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When I was in year 11, my English teacher passed out the free postcards you get in stands around the place from his vast collection. He told us to write a short story based on that postcard. The postcard I was confronted with was an advertisement for a brand of bottled water; the picture showed a street in greyscale, the only colour a blue bottle of water standing on the footpath. Immediately prior to this class, I had been walking around the school oval with one of my good friends, also a keen writer. We had been discussing ideas for stories, and I had suddenly decided I wanted to write about a rabid hamster, completely randomly. The result? One of the strangest stories I've ever written, but one of my favourites. This was shortlisted in a competition I entered it in, in 2004.

Story and characters © 2003

The tall building rises to the sky. It is a grey day, the clouds overshadowing what might have been colours. A bottle stands on the pavement outside.


It is blue.

A hamster emerges from the building and noses at the bottle.


It is also blue.


Herbert the hamster sniffed at the bottle and sighed. Another bottle of water, he thought bleakly. It had been three days since his last beer. Herbert coughed and looked at the froth that had fallen from his mouth. It was odd, that. Ever since that dog bite… He dismissed the strange feeling that was wafting over him and worried the cap off the bottle with his sharp teeth.


A man walks stealthily to the bottle and, kneeling, inspects the lid. He nods, satisfied.


Herbert had been getting strange feelings, lately. Nothing much, but occasionally he had an uncontrollable urge to bite something. He'd been watching the human who checked the water. That was his target, he decided.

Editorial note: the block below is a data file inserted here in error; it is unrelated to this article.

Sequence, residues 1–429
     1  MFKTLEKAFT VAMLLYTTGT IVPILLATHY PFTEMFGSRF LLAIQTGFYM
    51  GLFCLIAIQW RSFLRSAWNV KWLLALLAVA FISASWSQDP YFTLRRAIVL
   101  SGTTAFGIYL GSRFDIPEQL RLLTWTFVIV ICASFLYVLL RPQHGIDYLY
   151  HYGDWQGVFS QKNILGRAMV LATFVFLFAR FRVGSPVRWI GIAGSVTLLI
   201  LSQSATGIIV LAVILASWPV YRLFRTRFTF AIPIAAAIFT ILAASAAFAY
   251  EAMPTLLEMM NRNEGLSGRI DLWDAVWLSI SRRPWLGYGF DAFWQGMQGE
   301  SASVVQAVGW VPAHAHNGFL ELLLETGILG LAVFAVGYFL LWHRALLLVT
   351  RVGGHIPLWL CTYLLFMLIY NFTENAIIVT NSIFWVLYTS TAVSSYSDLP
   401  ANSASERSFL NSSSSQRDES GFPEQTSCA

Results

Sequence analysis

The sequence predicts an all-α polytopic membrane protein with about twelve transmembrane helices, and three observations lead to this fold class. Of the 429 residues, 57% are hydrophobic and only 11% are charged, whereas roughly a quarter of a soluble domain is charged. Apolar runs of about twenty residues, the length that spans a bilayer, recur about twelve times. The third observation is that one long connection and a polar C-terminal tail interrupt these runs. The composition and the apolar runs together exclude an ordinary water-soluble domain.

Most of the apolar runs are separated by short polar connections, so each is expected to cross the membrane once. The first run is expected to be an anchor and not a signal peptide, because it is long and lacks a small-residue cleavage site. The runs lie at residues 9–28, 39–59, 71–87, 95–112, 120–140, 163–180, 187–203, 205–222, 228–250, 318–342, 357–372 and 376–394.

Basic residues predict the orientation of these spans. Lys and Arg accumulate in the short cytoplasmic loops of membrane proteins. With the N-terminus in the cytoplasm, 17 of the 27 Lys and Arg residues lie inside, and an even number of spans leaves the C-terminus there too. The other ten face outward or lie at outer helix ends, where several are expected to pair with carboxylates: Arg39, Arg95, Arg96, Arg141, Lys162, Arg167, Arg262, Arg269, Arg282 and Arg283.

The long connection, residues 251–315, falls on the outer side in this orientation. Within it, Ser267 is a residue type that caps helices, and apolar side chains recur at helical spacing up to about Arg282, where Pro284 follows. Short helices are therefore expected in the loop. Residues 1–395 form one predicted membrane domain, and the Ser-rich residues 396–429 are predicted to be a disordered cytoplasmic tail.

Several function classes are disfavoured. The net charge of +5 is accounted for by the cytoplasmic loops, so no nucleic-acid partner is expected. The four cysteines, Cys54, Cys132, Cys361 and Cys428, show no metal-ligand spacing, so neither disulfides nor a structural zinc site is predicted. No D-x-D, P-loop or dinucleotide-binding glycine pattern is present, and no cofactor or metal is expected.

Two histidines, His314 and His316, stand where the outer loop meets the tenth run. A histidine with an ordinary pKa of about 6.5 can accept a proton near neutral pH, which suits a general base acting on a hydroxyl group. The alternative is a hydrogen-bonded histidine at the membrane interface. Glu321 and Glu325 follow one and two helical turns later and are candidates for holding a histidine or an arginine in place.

Herbert Hamilton was a policeman. He had a neat blue regulation shirt, a neat blue regulation tie, a neat blue regulation cap and a big heavy truncheon.

Herbert's truncheon was not a regulation truncheon. Herbert's truncheon had a guide to ninjutsu inside it. Not to mention two needle-sharp sabres and a handful of six-sided throwing stars. But the most important thing that his truncheon held was a pair of super-strong, super-expensive binoculars. Herbert Hamilton was an amateur naturalist.

It was a very heavy truncheon. It was blue.

Herbert had seen a blue rabid hamster. Herbert wanted to catch the blue rabid hamster.

To catch a rabid hamster, one must think like a rabid hamster.

Herbert watched Herbert at the water bottle. He sauntered out from the shadows and approached the bottle.
"Hello," he said casually. The man started.
"You talk!" he exclaimed.
"Of course I talk - and I have a gift for you." The policeman looked suspicious.
"I know your tricks, little hamster. You won't bite me. 'To catch a rabid hamster, one must think like a rabid hamster'," he quoted.
"Aw! Won't you just give a lonely little hamster some food?" Herbert felt helpless, filled with love for the poor hamster. He reached into his pocket and held out a sandwich.
"Here you go, little fella." Tears brimmed in his eyes and his heart melted as the hamster came forward to claim the food. Then Herbert lunged. He dangled by his front teeth from the human's finger.

"To catch me, you must think like a blue rabid hamster," he said, before the human collapsed, frothing from the mouth.


The tall building rises to the sky. It is a grey day, the clouds overshadowing what might have been colours. A hamster sits on the pavement outside.

It is blue.